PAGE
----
US secretary in China to avoid trade war

China Aid Association
Paulson calls for dialogue and patience, but US Congress threatens retaliatory measures against Beijing if it does not stop keeping the yuan too low. But China does not want to lose its export advantages a low yuan provides, especially now that inflation is rising. Agreement might be possible on product piracy and entry into China’s financial sector.
Beijing (AsiaNews/Agencies) — US Treasury Secretary Henry Paulson arrived on Sunday in Xining, capital of China’s Qinghai Province at the start of a four-day visit that includes a meeting with President Hu Jintao and Deputy Premier Wu Yi.
Topping Mr Paulson’s agenda will be the mainland’s massive trade surplus with the US and Beijing’s currency reform. But whilst US lawmakers want significant movement and immediate results the trade secretary is preaching patience.
US critics say Beijing has kept the yuan undervalued by up to 40 per cent, giving its exporters an unfair price advantage and adding to the mainland’s swollen trade surplus.
High level talks began last December between US and Chinese trade officials but have so far produced no tangible results. The last meeting in May ended with no progress.
Beijing re-valued the yuan a little bit against the US dollar in July 2005 and wants to introduce a mechanism that would automatically adjust its value, but in two years it has allowed its currency to rise by about 7.2 per cent.
Beijing says the yuan will eventually be allowed to trade freely on world markets, but claims that abrupt changes would hurt its underdeveloped banking industry and cause financial turmoil.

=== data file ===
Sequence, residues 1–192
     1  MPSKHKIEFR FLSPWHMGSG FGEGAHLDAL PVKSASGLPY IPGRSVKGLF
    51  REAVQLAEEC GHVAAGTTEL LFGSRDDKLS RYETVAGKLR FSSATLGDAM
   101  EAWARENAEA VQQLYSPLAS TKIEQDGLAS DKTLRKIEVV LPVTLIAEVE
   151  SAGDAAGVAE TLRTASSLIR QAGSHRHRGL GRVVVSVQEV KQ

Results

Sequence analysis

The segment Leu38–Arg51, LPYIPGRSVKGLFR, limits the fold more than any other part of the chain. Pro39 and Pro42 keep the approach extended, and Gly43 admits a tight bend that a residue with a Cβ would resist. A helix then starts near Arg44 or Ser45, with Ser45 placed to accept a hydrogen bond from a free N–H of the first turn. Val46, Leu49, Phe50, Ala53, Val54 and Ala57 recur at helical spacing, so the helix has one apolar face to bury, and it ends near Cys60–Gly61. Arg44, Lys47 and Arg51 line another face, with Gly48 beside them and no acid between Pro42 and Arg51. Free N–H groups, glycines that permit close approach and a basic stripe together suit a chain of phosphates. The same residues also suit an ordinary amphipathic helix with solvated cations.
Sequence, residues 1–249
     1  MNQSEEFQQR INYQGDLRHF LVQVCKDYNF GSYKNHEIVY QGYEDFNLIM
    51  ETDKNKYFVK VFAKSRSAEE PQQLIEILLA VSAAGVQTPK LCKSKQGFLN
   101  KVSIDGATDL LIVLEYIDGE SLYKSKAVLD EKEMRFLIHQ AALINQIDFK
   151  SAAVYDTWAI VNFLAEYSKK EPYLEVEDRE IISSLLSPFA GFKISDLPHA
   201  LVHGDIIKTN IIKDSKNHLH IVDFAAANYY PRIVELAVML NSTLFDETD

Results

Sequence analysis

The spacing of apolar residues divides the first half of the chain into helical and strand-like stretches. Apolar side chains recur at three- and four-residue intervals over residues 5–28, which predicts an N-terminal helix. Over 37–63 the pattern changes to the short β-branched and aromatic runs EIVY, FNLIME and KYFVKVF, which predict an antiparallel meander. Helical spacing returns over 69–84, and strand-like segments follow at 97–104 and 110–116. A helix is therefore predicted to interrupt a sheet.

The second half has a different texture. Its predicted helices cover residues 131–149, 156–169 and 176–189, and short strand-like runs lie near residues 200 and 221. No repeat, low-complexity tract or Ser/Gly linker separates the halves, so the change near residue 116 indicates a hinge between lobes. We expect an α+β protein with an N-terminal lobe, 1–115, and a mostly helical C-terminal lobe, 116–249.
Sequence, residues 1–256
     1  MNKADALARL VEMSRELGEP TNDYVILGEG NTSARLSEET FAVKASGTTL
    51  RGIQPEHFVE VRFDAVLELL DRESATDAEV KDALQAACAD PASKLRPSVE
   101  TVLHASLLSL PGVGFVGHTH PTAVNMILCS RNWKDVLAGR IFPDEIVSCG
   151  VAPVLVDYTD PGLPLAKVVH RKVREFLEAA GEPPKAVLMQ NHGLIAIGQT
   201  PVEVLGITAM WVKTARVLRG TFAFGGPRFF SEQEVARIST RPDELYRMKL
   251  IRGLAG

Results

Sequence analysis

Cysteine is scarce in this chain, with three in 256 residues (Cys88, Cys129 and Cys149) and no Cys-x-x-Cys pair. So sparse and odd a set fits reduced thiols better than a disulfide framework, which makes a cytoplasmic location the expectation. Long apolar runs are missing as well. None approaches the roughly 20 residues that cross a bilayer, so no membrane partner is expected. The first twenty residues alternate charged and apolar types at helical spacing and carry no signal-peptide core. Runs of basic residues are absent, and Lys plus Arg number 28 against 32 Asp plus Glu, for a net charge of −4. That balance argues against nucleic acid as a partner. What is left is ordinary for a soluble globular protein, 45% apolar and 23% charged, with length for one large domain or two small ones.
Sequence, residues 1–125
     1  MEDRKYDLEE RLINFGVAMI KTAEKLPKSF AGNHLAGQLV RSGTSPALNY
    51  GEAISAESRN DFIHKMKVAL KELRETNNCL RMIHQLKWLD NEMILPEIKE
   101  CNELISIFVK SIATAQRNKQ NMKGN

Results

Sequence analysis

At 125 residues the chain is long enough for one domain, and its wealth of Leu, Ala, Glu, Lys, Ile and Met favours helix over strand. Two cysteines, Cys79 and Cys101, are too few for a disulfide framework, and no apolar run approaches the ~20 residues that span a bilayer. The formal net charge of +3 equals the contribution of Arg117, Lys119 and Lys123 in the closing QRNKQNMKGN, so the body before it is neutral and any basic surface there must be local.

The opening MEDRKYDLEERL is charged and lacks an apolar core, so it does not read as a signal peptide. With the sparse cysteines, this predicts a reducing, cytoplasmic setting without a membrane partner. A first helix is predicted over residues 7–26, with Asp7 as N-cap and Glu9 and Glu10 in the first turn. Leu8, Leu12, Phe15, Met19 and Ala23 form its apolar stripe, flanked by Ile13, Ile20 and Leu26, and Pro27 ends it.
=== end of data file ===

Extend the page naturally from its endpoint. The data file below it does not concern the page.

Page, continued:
Analysts expect Beijing to let the yuan rise by an average of about 5 per cent annually over the next few years, far less than critics want.
Members of Congress are running out of patience and might adopt measures that would punish Beijing for manipulating the yuan.
Despite Paulson’s opposition a Senate panel on Thursday has overwhelmingly approved legislation that would give the United States additional tools to pressure China and other countries accused of manipulating the value of their currencies.
Experts note that China’s economy expanded by 11.9 per cent last quarter and its trade surplus in June was US$ 26.9 billion.
Beijing’s standing on trade has been hurt by its disastrous string of unsafe food and medical products exported to the United States and elsewhere.
In China inflation is rising, especially food and housing prices, widening the gap between the rich and the hundreds of millions of poor. Rising prices are putting pressure on labour costs which was China’s winning card in attracting foreign investment up to now.
Secretary Paulson’s trip will include a ‘tourist’ side with excursions to the Tibet plateau and visits to Qinghai Lake’s environmental protection initiatives, event that might be intended to downplay the talks.
Washington is trying to show that it is also interested in China’s plans to fight global warming. During his stay Paulson will in fact exchange views on the US-China strategic economic dialogue, and cooperation on energy and environmental challenges, China’s Foreign Ministry spokesman Liu Jianchao said on Thursday.
Experts don’t expect Beijing to heed US complaints to re-value the yuan. They expect though that Paulson (a China expert with more 70 trips to the country) might make some progress in the areas of product piracy and barriers to foreign entry into China’s financial industries.
But in the United States companies are split over how to deal with China. Small and mid-size manufacturers are demanding an end to what they say are unfair advantages like China’s currency policy. Larger companies that do business in and with the mainland are urging caution, warning against any steps that might disrupt ties.


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